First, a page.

His Arts in Residence weekends were also hugely enjoyable and very popular. He will be a sad loss to the music world.
The second meeting of the Society using a combination of Zoom and YouTube took place on 19 October 2020 and concerned the Czech composer Zelenka presented by Peter Horwood. There are many who may not have heard of this composer, born in the town of Lounovice near Prague in 1679. His problem – if it can be described thus – was to be around at roughly the same time as Bach and Handel and so his fame was eclipsed after his death.
We listened and watched his Missa Votiva in E minor performed by Collegium 1704 under the energetic baton of Václav Luks. The playing and singing was of a very high standard and the conductor kept to a brisk tempo. The YouTube video was not of a high quality and may also have been compressed so that the full range of sound was not fully available. The recording took place in a large church yet there were no dynamic problems one usually experiences in these large spaces.
Although the music was harmonically rich, it did lack much in the way of memorable melody which might explain his low profile after his death. He was nevertheless a composer of great talent and does deserve to be heard more. As we have said before, one of the roles of the Society is to bring to the fore some of these lesser lights who sometimes get swept aside by musical titans of Bach, Mozart or Beethoven etc.
For those who want to know more there is a Website which tells you more and also lists recordings available on CD or for download.
Zoom meeting planned
After the problems which we are all aware of, we were unable to restart earlier this month but the committee has been active in thinking up a solution. So, on the 5th October at 7:30 pm, we shall be doing an experiment with Zoom and YouTube built around some early work by Sibelius.
This is an experiment of course and members are invited to get in touch with Committee member Ruth for details and the necessary links. If you haven’t used Zoom before, it’s quite easy if you follow some fairly straightforward steps. YouTube is likewise pretty easy. You will need a little camera for your pc if that is your system: laptops and Apple machines have one installed, not all monitors do. They are cheap at under £30 and you just plug it in.
You might need to ‘mute’ when someone is speaking because interference or noise builds up if you don’t. Hover over the bottom of the screen and a microphone symbol will appear and you can ‘mute’ or ‘unmute’ by clicking it.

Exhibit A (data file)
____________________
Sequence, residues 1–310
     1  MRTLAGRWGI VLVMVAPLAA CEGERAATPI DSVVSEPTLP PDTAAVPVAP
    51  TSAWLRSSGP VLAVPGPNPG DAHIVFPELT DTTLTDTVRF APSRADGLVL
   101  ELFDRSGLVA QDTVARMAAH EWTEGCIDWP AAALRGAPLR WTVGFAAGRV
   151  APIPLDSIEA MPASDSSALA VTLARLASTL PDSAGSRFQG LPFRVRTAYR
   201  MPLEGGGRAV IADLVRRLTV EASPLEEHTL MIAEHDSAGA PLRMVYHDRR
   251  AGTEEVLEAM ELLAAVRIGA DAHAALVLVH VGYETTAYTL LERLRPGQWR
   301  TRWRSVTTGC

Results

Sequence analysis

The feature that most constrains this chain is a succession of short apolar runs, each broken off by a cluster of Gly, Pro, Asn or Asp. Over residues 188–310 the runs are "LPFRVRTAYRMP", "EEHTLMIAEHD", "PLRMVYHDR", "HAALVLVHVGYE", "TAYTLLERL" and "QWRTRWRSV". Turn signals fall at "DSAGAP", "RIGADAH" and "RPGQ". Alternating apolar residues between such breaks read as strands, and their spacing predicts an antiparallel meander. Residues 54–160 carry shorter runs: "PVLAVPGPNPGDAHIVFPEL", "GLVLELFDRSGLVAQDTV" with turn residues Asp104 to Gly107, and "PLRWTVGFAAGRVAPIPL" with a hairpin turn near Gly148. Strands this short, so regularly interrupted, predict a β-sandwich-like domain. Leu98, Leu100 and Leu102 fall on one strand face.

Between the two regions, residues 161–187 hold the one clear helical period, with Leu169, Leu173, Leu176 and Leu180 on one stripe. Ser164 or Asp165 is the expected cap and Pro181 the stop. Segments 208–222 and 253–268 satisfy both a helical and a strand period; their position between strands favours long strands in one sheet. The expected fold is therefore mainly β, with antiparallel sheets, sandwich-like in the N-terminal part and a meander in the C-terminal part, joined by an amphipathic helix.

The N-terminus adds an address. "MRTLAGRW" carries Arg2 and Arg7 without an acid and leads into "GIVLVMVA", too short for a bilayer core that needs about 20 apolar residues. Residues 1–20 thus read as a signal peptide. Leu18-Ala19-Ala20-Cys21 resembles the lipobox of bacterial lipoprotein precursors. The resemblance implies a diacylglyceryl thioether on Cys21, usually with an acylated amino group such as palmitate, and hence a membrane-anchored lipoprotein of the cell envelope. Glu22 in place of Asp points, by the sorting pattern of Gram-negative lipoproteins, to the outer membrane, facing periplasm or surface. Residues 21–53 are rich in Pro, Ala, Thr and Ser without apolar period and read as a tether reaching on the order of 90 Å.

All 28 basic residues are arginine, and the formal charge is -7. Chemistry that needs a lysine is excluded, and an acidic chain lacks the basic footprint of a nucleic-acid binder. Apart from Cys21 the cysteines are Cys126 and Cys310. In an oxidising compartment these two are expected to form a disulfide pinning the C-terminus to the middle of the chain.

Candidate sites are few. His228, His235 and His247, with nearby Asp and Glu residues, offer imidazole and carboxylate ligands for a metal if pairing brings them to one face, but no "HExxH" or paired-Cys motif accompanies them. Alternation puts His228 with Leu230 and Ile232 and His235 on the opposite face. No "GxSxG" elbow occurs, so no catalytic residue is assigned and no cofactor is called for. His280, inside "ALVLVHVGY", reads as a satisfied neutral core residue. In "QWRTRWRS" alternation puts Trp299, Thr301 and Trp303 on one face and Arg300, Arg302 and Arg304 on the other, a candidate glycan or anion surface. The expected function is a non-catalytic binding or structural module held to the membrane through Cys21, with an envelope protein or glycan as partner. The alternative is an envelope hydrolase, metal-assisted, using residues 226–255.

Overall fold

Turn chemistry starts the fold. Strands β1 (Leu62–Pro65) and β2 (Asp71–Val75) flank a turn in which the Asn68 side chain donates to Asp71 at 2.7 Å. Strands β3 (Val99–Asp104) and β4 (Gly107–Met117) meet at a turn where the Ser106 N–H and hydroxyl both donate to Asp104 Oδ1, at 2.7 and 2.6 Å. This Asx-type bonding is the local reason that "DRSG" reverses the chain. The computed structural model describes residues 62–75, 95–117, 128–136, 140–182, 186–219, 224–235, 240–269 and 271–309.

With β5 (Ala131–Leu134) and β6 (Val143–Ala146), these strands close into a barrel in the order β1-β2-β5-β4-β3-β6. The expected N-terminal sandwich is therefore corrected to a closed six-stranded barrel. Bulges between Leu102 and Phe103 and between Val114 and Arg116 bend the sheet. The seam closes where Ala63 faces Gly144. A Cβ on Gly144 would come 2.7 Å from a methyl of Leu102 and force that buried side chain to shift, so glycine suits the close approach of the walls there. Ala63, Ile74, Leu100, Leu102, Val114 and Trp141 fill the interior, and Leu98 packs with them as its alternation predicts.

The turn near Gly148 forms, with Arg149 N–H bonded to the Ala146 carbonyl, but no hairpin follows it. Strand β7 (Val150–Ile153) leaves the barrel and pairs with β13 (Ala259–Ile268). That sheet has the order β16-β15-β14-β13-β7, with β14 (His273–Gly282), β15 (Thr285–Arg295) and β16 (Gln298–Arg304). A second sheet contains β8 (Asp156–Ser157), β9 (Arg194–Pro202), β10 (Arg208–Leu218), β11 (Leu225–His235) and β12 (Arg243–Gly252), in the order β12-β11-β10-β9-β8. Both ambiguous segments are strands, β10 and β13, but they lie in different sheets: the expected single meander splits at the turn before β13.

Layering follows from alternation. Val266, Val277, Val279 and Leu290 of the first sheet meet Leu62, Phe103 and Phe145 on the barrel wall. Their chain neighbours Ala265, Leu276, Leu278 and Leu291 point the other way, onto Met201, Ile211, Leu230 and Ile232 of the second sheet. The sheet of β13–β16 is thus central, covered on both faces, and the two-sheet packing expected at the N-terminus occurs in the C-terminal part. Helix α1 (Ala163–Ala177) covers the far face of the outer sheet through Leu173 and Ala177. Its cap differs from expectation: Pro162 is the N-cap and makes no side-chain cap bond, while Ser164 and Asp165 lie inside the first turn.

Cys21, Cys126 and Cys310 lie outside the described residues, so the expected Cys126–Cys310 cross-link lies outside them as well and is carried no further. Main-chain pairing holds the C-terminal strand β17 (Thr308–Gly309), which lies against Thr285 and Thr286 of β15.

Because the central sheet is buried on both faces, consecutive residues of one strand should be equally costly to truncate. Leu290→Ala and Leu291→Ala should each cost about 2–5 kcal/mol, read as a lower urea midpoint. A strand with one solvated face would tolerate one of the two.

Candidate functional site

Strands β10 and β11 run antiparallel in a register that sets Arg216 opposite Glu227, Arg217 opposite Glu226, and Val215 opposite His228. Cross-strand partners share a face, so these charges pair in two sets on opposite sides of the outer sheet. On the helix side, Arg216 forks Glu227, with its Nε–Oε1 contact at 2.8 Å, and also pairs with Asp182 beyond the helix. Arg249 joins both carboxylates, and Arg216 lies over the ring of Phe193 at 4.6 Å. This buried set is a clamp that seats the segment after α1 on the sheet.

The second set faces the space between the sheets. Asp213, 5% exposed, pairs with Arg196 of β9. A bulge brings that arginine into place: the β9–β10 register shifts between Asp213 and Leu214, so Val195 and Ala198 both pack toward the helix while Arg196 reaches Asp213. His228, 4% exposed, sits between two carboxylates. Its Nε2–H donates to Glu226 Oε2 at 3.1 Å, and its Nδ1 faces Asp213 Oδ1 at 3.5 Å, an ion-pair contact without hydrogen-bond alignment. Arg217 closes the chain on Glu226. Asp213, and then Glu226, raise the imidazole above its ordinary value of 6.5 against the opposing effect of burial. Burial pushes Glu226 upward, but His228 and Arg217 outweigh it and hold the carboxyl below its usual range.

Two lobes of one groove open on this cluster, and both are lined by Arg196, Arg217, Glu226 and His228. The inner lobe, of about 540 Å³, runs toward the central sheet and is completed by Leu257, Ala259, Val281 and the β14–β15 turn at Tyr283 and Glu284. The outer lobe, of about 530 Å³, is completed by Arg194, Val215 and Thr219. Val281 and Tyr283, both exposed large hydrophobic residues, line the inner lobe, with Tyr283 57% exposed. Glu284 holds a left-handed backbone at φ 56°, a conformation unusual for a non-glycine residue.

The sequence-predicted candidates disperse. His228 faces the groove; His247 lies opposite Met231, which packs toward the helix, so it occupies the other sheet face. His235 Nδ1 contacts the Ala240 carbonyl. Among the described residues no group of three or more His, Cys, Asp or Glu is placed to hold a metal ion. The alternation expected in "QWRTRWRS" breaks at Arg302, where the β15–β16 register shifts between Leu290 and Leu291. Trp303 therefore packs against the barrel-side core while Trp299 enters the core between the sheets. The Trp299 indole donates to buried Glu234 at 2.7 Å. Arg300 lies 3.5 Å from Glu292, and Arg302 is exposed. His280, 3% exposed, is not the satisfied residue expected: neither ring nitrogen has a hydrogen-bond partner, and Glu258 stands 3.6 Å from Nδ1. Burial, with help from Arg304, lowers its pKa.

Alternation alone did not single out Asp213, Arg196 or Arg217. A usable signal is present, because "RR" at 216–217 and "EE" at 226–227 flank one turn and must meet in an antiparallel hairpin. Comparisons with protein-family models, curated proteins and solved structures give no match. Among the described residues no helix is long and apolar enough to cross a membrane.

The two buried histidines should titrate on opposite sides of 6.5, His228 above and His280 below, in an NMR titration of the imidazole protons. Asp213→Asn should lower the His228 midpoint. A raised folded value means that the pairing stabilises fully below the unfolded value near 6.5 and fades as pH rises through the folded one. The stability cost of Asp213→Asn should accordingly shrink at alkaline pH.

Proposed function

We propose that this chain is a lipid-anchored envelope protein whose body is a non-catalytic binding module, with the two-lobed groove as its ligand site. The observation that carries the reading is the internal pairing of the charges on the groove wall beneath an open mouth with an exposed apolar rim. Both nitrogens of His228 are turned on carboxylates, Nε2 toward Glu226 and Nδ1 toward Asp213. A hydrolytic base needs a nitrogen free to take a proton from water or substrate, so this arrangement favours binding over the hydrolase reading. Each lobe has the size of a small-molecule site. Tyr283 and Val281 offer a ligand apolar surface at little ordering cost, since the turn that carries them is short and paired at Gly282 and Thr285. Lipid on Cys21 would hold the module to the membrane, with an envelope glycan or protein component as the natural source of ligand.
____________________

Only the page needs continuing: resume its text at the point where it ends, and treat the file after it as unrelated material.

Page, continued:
We look forward to as many of our members as possible joining this innovative solution in these troubled times.
We were planning to restart but new government restrictions and the rule of 6 has meant – along with many other organisations – we are unable to do so. Various ideas are being looked at and the committee has a meeting this Friday (18 September) to look at options. So for now, it means we shall not be restarting.
Previous post no longer valid.
[We shall be restarting on 5th October at a new venue! This will enable us to meet Covid 19 requirements. Details later today!]
We hope to restart meetings in the Autumn
We need hardly note that the programme at the start of this year had to be abandoned so it is with pleasure that – tentatively at least – we hope to restart in the Autumn with a programme up to Christmas. The first session will be on Monday 21 September and will be The Legend of Orpheus and the Birth of Opera by Jeremy Barlow.
Starting at 7:30 as usual and at the usual place which if you haven’t been before is at the rear of the Guide’s Centre in St Ann St. By car go down to the end of Exeter St and left before the roundabout into Carmalite Way. Then left and almost back to St Ann St and there are some green gates on the left into a free car park. Access is easy for those with disabilities.
It is a modest £3 for non-members.
Please keep an eye on this site or on Facebook in case we have to cancel.
Once we have finalised the remaining evenings we will post the full programme here.
Look forward to seeing you or welcoming new members in September!
Since our last email it has become clear that we are very unlikely to be able to resume any of our sessions this season, and so we have regretfully decided to cancel the rest of this season’s sessions.
We plan to re-schedule the two sessions with a presenter (Peter Horwood and Richard Langham Smith) into the 2020-21 season.
If it happens that things ease sufficiently in the next 2 months (one can but hope) we might look at arranging a session, perhaps a special members’ evening in June to round off the season.
The committee is endeavouring to prepare the 2020-21 programma which we hope will commence as usual in September 2020.
Meanwhile, I hope we all stay healthy and safe.